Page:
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Image 1 for Southern Blast – 40-minute film now streaming

Southern Blast – 40-minute film now streaming

3 July 24


With sold-out showings in 2023, now is the first time this incredible piece of cinematography is freely available for our entire community. 

Surfrider is stoked to share that Southern Blast is now streaming on YouTube! 

Directed by ecologist and award-winning director Matty Hannon, the film shines a spotlight on the impact of seismic blasting on marine life and communities that call the Southern Sea home. Featuring Torren Martyn, First Nations Elders, local fishermen and community members, the film is a powerful storytelling tool that captures the beauty of this Southern landscape and the communities who live here.

"We're stoked to finally share Southern Blast with a worldwide audience after its  debut in 2023", film producer and National Campaign Director Drew McPherson said.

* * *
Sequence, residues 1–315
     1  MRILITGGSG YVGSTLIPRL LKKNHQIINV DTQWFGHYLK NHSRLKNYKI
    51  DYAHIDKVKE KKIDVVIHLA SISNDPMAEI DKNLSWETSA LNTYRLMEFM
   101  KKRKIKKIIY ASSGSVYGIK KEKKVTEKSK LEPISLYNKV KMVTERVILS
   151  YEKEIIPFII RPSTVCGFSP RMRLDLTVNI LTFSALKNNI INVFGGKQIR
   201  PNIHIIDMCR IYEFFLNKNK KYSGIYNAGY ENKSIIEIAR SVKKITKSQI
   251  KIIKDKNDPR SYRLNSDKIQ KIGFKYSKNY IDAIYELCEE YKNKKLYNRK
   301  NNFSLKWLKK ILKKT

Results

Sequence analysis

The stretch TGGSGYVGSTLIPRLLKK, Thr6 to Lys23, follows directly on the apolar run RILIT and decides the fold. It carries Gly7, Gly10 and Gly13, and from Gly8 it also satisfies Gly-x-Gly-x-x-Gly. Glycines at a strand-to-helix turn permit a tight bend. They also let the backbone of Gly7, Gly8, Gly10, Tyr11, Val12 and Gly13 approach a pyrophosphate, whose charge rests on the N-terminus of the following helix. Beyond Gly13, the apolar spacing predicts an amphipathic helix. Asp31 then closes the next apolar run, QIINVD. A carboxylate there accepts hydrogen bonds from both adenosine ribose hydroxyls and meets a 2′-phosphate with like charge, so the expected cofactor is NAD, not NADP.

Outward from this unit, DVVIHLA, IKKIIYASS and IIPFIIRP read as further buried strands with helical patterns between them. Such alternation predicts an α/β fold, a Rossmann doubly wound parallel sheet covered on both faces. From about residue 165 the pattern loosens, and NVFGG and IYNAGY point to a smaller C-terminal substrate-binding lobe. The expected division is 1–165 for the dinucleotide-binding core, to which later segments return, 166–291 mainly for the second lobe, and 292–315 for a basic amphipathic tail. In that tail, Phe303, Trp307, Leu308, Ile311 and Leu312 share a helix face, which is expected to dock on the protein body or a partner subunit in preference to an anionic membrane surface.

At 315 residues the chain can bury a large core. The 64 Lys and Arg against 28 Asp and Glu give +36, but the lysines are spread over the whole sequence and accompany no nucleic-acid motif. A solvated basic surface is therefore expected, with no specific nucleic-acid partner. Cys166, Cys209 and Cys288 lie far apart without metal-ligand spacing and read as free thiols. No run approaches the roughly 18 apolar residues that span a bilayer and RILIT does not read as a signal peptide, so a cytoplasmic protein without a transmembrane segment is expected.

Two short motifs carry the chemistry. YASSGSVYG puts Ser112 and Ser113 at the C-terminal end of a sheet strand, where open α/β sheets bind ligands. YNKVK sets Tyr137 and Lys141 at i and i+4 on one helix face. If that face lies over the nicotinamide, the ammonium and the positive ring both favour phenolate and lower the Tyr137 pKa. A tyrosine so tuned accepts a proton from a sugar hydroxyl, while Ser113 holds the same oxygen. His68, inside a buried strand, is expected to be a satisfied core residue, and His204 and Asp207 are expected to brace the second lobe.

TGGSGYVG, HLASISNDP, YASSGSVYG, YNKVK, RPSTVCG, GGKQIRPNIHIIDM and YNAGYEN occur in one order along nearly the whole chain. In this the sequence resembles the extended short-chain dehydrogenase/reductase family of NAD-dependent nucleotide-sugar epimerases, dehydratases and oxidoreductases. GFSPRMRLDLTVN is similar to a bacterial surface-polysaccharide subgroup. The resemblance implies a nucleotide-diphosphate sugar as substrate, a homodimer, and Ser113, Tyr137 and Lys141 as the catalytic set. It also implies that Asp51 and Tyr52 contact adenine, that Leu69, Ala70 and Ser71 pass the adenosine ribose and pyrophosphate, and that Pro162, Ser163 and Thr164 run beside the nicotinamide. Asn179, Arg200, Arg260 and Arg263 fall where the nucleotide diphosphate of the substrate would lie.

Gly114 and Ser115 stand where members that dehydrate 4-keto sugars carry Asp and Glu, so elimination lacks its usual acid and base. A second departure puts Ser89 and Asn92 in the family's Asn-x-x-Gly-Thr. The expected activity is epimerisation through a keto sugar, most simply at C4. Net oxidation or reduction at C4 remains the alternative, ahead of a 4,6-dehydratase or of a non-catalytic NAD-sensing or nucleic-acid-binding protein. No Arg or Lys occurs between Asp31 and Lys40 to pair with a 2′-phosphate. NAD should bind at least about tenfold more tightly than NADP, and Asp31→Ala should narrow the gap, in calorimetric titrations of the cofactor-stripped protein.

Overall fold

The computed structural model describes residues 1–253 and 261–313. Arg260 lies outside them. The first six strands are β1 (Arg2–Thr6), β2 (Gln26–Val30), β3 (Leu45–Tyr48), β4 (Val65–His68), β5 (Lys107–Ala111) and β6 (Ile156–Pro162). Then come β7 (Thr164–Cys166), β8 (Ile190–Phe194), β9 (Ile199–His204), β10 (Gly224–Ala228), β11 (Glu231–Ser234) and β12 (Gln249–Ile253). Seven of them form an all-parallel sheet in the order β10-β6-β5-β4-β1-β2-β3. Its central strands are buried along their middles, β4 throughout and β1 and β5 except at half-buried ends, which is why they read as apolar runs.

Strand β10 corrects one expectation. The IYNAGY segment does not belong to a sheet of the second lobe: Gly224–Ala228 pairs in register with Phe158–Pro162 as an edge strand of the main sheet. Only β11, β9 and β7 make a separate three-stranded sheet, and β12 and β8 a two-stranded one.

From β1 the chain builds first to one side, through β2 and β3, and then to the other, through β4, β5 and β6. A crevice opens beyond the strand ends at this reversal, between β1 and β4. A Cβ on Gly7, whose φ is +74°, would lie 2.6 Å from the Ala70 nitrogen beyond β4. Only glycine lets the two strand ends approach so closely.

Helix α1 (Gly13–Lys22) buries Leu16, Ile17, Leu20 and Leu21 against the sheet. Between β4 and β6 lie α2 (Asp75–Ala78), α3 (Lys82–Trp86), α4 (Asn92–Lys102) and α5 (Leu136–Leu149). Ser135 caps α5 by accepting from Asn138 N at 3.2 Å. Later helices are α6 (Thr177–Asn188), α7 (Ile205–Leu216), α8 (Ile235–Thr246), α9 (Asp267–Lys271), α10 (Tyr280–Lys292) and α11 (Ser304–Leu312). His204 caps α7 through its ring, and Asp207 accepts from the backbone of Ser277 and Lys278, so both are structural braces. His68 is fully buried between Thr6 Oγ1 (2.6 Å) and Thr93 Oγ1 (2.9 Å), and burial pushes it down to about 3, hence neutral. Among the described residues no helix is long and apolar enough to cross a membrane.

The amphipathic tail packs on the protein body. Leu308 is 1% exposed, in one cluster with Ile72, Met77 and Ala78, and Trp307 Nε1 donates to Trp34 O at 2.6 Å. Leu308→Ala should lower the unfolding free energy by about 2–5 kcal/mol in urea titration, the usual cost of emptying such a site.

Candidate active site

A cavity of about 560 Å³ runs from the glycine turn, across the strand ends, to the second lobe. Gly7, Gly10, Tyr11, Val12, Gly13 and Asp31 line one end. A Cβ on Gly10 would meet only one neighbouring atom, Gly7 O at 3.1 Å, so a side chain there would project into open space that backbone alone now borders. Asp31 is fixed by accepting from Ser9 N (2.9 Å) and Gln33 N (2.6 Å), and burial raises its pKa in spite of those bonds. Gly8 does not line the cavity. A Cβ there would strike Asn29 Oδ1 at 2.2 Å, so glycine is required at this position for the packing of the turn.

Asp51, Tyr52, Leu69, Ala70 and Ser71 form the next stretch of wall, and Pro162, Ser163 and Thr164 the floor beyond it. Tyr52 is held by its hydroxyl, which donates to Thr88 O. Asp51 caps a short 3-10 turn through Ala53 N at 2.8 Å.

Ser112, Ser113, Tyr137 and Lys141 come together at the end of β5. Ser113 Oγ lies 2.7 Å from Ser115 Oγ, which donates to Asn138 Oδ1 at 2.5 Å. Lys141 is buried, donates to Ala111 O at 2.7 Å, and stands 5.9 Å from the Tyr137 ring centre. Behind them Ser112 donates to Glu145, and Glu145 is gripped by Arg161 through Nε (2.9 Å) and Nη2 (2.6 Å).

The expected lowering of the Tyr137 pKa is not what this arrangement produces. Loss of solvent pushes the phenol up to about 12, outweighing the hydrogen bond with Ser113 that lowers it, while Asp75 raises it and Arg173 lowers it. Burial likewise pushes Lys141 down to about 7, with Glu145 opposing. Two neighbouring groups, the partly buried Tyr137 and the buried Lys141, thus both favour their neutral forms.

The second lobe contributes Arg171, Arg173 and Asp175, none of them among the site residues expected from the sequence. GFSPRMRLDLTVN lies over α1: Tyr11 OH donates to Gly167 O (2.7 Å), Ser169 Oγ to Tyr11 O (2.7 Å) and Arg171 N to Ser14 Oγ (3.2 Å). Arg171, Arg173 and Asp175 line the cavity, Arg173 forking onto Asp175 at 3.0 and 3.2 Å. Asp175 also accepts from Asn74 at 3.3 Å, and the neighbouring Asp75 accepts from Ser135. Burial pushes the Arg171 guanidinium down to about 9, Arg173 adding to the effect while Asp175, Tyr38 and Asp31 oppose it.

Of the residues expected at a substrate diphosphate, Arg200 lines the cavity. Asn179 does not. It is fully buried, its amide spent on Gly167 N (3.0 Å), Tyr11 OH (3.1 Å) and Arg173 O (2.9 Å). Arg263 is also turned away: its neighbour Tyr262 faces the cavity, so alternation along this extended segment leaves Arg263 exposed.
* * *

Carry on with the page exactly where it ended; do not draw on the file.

Southern Blast was created to build community awareness about a disastrous proposal to seismic blast 7.7 million hectares of the Southern Ocean. Seismic blasting is the destructive first step in oil & gas exploration—airguns release deafening blasts on the surface of the ocean to map gas deep below the seabed floor. These blasts happen every 8-10 seconds, 200 days a year, over a four-year period.

The latest research from IMAS Tasmania (Institute for Marine and Antarctic Science) points to severe impacts on commercial fisheries and the practice is known to affect migratory whale species such as the endangered Pygmy Blue Whale and Southern Right Whale.

Since filming and after nearly two years of campaigning, the blasting proposal has been downsized from 7.7 million hectares to 3.17 million hectares.

National Campaign Director Drew McPherson shares, "The downsizing of this outrageous proposal shows just how much of a role communities can play in protecting the oceans and local coastlines. But let's be clear—communities don’t want their coastlines blasted by exploration companies at all. The only acceptable outcome for coastal communities is no blasting, as it’s these communities who will live with the impacts."

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